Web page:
Coarse-grained structural modeling of molecular motors
- Molecular motors perform central functions in fundamental biological processes, including cell division, DNA replication, muscle contraction, and intracellular transport. Experimental and computational approaches are needed to uncover the mechanisms by which molecular motors convert chemical energy into mechanical work. A software system called Protein Mechanica has been developed to generate structurally realistic models of molecular motor conformations compatible with experimental data from different sources. It facilitates the construction of models of protein geometry from atomic resolution structures, lower-resolution electron microscopy data and parametric solids. Coarse-grained models of molecular structures are constructed by combining groups of atoms into a system of rigid bodies connected by joints. Contacts between rigid bodies enforce excluded volume constraints, and spring potentials model system elasticity. This simplified representation allows the conformations of complex molecular motors to be simulated interactively, providing a tool for hypothesis building and quantitative comparisons between models and experiments. Protein Mechanica was used to build an atomic-resolution model of a mouse brain myosin V, a dimeric cellular transport motor, in pre- and post powerstroke conformations from partial X-ray crystal structures. A mechanical analysis of the head-neck region model was performed using normal mode analyses and molecular dynamics simulations to guide the construction of a coarse-grained models. The coarse-grained model of myosin V enabled examination of its conformations bound to its actin track. Elastic strain energies calculated from simulations are compatible with observations of single myosin V motors traversing suspended actin filaments that infer that the motor uses a combination of 11 subunit and 13 subunit stride sizes. These calculations extend previous simple mechanical models for step size selection and processivity, and provide atomically detailed models for comparison with future experiments. The Protein Mechanica software described in this dissertation provides a new tool for structural modeling of many different molecular machines, basic understanding and engineering design.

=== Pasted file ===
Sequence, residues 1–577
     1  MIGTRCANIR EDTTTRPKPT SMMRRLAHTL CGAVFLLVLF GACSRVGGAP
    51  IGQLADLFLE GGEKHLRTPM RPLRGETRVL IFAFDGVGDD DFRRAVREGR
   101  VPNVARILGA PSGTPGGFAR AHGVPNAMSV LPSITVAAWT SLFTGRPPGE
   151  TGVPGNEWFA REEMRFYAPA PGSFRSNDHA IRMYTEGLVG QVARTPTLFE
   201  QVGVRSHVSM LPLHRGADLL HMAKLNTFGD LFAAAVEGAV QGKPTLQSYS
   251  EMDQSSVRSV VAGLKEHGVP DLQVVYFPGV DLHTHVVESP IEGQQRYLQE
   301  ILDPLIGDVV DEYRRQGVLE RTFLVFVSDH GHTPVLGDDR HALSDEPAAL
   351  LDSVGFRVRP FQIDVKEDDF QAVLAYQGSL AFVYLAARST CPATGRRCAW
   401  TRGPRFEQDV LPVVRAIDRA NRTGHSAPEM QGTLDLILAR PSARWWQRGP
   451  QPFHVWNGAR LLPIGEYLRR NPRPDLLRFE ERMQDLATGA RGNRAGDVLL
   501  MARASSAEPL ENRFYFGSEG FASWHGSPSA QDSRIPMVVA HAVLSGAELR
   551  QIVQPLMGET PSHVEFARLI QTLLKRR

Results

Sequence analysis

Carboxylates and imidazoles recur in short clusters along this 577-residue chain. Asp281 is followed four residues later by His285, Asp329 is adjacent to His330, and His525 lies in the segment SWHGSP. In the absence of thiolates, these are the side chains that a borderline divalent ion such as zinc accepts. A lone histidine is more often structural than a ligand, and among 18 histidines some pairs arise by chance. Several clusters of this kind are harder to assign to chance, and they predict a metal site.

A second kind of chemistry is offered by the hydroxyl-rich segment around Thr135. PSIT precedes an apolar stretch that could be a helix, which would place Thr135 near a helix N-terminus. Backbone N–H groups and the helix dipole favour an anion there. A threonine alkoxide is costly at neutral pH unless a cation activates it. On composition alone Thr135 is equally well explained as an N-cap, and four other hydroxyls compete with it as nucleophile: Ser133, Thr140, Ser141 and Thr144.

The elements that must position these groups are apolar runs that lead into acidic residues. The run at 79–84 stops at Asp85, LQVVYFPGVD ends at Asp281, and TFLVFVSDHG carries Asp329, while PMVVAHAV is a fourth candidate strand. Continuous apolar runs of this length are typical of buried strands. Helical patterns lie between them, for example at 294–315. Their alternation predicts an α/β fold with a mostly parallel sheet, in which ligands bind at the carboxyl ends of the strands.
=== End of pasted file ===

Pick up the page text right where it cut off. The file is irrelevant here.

|Type of resource
|electronic; electronic resource; remote
|1 online resource.
|Parker, David William
|Stanford University, Department of Mechanical Engineering
|Bryant, Zev David
|Bryant, Zev David
|Statement of responsibility
|David William Parker.
|Submitted to the Department of Mechanical Engineering.
|Thesis (Ph.D.)--Stanford University, 2011.
- © 2011 by David William Parker
- This work is licensed under a Creative Commons Attribution 3.0 Unported license (CC BY).
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